<font size="3"> BEST THEATER COMPANY </font>

WINNER:

Palm Beach Dramaworks

Palm Beach Dramaworks doesn't just do theater, it does thea-tuh. If you want something more substantive than a frothy musical or slapstick comedy, then this is your troupe. For example, this season includes John Steinbeck's "Of Mice and Men," Harold Pinter's "Old Times" and James Goldman's "The Lion in Winter."

And for the dramaphile who wants to go even deeper, there is the Master Playwright Series (erudite stage-readings and talkbacks) and the Musical Theatre Masters Series (full-length concert versions of Broadway classics).

(Pictured: Julie Rowe, from left, Margery Lowe, Gretchen Porro and Erin Joy Schmidt star in "Dancing at Lughnasa" at Palm Beach Dramaworks in West Palm Beach.)

201 Clematis St., West Palm Beach, 561-514-4042
PalmBeachDramaworks.org

FINALISTS:

GableStage
1200 Anastasia Ave #230, Coral Gables, 305-446-1116
gablestage.org

Actors Community Theatre of Davie
6591 Orange Drive, Davie, 954-327-3941
davie-fl.gov

Body and Soul Dance Theatre
3183 SW 38th Ct., Coconut Grove , 305-441-2348
bodyandsoulmiami.com
(Alicia Donelan / Courtesy / May 28, 2013)

The play “Dancing at Lughnasa” draws you in Sensurround style, enveloping you so gently into its world that before you know it, you care … much more than you could have ever imagined.

The production from Palm Beach Dramaworks benefits from the combination of straightforward direction by J. Barry Lewis with taut and toned acting by a profoundly gifted cast.

For a little more than two hours with a 15-minute intermission, the show sends you back to 1936, when five sisters eke out a living in bucolic Ireland (thanks to Jeff Modereger’s well-balanced set).

Ah, but this memory play by Brian Friel has hidden snares. First, the five Mundy sisters have an elder brother, a priest, home after contracting malaria while working in a leper colony in Uganda. His fondness for the African customs he discovered there raises a suspicion that his illness isn’t the only reason the Catholic hierarchy cut him loose.


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Second, the play takes place in August during the Celtic harvest festival of Lughnasadh, and this paganism by “the hill people” is distasteful to some of the deeply faithful sisters. The Mundys hold their heads a little higher since they have a priest in the family, even if one sister has an illegitimate son. This son narrates the story as sincere — but not rosy — reminiscences.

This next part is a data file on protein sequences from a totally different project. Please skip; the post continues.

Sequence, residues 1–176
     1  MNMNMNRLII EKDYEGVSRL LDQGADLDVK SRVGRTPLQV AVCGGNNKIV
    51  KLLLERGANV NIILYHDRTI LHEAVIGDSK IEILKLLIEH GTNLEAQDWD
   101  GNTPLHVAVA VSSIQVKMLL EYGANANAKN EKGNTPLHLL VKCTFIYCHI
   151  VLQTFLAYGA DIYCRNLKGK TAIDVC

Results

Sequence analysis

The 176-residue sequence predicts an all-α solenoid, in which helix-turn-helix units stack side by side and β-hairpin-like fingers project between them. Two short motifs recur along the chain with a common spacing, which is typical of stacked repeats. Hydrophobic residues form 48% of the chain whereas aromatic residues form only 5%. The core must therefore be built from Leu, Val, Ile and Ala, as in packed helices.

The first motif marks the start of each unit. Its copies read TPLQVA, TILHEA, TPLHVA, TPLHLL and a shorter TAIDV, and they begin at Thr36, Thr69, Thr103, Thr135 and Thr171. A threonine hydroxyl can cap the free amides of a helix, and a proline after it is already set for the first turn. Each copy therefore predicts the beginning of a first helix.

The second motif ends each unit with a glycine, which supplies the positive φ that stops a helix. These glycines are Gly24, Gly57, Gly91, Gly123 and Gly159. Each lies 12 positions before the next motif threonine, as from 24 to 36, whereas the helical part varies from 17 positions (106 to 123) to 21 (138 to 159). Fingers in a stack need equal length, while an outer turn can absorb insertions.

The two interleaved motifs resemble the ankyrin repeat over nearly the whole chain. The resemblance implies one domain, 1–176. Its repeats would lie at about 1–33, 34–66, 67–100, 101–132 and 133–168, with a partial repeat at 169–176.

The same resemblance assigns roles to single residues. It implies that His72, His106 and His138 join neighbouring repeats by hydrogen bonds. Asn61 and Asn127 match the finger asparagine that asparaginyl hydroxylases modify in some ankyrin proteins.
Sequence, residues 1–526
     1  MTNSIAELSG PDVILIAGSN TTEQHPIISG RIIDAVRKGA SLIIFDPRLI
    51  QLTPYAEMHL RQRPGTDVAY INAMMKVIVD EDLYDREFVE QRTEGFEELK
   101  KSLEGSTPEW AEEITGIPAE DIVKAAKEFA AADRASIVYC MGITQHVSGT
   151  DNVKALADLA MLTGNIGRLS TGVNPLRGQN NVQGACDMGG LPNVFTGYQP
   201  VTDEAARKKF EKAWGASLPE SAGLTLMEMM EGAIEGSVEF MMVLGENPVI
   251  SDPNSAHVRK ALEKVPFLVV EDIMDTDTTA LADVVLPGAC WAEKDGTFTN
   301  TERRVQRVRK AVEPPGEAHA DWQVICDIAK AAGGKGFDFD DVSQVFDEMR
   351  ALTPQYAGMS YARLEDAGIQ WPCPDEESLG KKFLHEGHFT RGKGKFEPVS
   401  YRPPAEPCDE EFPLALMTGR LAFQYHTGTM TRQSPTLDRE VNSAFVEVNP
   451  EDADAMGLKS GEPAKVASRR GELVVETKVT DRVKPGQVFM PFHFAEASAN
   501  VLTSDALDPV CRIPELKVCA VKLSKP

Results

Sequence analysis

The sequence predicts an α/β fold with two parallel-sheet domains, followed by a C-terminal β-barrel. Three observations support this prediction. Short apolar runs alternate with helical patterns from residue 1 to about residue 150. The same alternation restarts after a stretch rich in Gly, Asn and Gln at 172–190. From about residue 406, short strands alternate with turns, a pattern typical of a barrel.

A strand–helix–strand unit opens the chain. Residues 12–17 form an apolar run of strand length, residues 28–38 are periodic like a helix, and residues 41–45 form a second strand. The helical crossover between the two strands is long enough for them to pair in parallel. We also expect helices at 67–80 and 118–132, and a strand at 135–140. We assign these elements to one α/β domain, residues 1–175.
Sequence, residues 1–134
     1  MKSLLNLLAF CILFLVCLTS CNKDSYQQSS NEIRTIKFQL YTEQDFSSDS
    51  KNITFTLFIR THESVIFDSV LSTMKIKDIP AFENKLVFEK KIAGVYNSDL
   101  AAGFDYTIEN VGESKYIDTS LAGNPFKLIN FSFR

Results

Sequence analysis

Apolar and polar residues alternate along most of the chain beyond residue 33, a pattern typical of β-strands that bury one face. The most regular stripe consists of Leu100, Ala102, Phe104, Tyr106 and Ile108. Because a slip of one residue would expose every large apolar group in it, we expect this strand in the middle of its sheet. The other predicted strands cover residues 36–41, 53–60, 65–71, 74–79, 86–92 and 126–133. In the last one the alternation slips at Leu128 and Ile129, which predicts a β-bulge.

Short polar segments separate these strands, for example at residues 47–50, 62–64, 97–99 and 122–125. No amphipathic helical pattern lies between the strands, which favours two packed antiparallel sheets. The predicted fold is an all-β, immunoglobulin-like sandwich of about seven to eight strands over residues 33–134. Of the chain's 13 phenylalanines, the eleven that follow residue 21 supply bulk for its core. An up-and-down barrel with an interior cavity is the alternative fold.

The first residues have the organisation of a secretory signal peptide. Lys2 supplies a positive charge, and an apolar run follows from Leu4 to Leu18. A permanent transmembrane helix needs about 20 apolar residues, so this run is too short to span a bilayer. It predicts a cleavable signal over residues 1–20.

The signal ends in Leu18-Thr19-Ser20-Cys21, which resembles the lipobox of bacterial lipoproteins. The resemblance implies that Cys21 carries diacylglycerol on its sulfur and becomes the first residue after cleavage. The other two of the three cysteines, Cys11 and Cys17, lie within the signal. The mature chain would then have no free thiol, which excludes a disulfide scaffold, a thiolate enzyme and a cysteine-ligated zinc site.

Love has also found its way to the cottage, at least for three of the sisters, and for a shiny moment, there is hope. But even that (along with an economic crisis) threatens to shatter the tight-knit family. No matter. As the narrator reveals in a spoiler alert: This is the last summer in which they will all be together.

Isolated as the family is, the outside world comes in through intermittent broadcasts from a past-its-prime radio. And when the tension gets to be too much, and when there are no more words, the sisters dance in thrillingly staged moments that feel achingly real.

This production keeps itself as sharp and bracing as a splash of well water. You’ll find no warm fuzziness here, even though that dry, slightly sour Irish humor shows up in dashes. There isn’t a whiff of “thea-tuh” anywhere - just clear and resolute characterization from a cast tuned to perfection and well supported by a creative team in choreography, lighting, costuming and sound design.

After winning “Best Play” from both the Tony and Olivier Awards in 1991, “Dancing at Lughnasa” was made into a 1998 movie starring Meryl Streep.

“Dancing at Lughnasa” will run through June 16 at The Don and Ann Brown Theatre, 201 Clematis St., in West Palm Beach. Showtimes are 8 p.m. Wednesdays through Saturdays, 7 p.m. Sundays, and 2 p.m. matinees Wednesdays, Saturdays and Sundays. Tickets cost $55. Call 561-514-4042 or PalmBeachDramaworks.org.